Bicknell says this has the effect of breaking down barriers to communication between departments and making it easier to identify problems on the production floor as they occur and direct them back to the central command center so they can be addressed as soon as possible. “We’ve broken down walls between engineering and operations,” Bicknell says.
Bicknell says the command center model is necessary for Pratt & Whitney because the company is facing an unprecedented ramp-up in terms of the time customers expect their engines. In the past, a slower production cycle meant demand was more stable and volume was more manageable, but today the company needs to identify the risks of gaps in delivery and address them proactively.
Bicknell says the utilization of event management system platforms have standardized information about risk factors and automatically escalates critical information about those risk factors through every level of the company to enable problem-solving. “It allows us to mobilize the organization much more effectively with a common language of risk,” he says, adding that the system has been in place at Pratt & Whitney Canada since 2012 and is being rolled out to all departments with the consolidation.
Collaborating for Excellence
Close collaboration with suppliers is a major component of Pratt & Whitney’s success, and because of that the company is continuing its focus on supplier performance as it undergoes its latest transformation. For example, Pratt & Whitney follows the lead of parent company UTC Aerospace Systems with the use of its Supplier Gold program, which facilitates operations improvements for suppliers based on key metrics aligned with the company’s Achieving Competitive Excellence Operating System. To meet the Supplier Gold criteria, suppliers are expected to have 100 percent on-time delivery for the last 12 months as well as zero quality rejections for the last 12 months.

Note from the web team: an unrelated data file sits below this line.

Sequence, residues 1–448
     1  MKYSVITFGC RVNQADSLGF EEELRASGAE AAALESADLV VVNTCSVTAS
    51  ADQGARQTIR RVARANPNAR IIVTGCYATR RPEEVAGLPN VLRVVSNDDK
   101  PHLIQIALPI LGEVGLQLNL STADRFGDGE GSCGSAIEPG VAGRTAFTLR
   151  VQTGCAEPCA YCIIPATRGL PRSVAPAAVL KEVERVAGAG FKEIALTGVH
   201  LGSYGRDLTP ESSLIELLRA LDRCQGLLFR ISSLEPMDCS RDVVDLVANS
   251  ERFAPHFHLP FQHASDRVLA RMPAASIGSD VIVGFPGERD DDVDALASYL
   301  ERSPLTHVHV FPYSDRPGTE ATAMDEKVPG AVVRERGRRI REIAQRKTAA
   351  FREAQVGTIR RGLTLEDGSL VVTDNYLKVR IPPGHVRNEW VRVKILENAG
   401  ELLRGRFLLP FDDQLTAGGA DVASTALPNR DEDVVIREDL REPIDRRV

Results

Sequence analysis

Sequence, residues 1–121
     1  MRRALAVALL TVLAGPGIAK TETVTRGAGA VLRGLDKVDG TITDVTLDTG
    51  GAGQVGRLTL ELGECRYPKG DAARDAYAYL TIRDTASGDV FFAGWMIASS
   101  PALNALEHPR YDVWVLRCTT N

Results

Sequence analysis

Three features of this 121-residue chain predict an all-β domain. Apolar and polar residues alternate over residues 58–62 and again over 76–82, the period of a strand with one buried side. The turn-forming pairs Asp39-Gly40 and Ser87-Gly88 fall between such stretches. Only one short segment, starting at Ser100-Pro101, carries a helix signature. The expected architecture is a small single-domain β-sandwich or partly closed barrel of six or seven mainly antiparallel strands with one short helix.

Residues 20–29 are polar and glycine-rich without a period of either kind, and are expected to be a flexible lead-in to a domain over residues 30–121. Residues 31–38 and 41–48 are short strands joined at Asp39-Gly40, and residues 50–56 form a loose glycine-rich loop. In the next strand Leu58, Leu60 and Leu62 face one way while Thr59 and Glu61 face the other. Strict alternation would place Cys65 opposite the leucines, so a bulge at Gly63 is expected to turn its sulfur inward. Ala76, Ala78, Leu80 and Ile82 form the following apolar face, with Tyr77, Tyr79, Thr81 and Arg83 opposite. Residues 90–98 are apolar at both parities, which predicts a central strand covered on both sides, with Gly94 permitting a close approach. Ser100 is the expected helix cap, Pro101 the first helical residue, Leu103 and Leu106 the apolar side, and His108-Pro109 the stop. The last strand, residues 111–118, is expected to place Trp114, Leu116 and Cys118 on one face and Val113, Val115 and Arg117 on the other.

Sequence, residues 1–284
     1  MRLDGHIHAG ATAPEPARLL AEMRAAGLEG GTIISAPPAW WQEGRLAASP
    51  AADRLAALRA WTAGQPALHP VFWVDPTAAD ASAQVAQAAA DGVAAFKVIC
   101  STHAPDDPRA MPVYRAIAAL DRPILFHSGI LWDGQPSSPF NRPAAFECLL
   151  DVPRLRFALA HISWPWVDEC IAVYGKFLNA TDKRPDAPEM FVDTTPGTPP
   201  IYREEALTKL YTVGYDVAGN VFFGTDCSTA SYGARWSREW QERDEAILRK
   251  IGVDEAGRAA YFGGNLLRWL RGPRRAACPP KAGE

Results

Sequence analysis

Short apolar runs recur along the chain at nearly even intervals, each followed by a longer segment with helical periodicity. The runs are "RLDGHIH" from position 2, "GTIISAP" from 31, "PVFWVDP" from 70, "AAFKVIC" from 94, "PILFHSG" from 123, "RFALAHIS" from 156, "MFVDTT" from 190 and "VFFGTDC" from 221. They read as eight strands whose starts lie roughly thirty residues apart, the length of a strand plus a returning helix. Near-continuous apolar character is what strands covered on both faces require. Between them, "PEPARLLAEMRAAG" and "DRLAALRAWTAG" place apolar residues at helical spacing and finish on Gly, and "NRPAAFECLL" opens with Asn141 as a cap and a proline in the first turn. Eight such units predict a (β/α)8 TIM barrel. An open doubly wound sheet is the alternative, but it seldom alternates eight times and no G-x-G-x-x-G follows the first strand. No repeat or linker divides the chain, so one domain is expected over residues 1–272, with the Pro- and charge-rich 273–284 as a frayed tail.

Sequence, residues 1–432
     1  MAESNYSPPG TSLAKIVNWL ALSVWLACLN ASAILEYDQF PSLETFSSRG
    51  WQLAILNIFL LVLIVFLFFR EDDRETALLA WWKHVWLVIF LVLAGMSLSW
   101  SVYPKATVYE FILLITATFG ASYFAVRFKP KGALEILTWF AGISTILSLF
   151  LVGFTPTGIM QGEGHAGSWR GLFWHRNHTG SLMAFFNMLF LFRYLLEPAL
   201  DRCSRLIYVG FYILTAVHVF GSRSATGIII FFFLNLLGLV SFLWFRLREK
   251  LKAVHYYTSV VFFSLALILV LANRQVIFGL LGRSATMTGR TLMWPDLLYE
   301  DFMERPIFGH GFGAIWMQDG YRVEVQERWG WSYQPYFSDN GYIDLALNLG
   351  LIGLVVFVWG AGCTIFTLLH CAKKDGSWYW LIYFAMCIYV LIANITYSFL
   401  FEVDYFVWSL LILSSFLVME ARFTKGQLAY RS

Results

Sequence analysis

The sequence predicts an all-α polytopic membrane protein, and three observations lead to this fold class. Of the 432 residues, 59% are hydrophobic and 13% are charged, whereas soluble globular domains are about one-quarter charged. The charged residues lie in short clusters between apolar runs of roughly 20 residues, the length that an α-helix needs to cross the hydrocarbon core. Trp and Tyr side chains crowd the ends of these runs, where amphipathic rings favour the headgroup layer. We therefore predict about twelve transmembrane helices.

Under the new system, Pratt & Whitney also has five regional offices in the Northeast, the Southeast, the West Coast, Europe and Asia. According to Bicknell, these regional offices are key and the company’s 45 supplier development leads will be located within a 100-mile radius of their assigned suppliers to help guide and grow the company’s supplier development efforts.
Over the last two years, Pratt & Whitney has been working closely with its parent company to rebuild and revise the playbooks it has utilized across its various divisions to recognize and develop stronger supplier performance. With the help of these playbooks, Pratt & Whitney is working with suppliers to develop Supplier Customer Improvement Plans (SCIPs), which will be a significant document for the company and its key supplier partners moving forward, Bicknell says.
Certification is another key component of how Pratt & Whitney works closely with suppliers to enhance their performance. Bicknell says process certification is one area where Pratt & Whitney is placing a lot of emphasis, working with industry experts to certify components on-site with suppliers. “I see this being an area that we’re going to continue to develop and expand in,” Bicknell says.
Continuing to Connect
In the future, Bicknell says the goal is for the newly organized Pratt & Whitney to get even closer to its suppliers and drive even greater collaboration. The company plans to open two new regional offices focused on the Midwest and Japan to strengthen its global supply base connectivity to a greater degree, and Bicknell says the company will focus on building more cross-functional teams internally to create more efficiency.
With these initiatives, Bicknell says Pratt & Whitney will continue to work more closely with its suppliers in the future. “We are already working much more proactively with our suppliers than ever before and that will continue to expand into the future,” he says.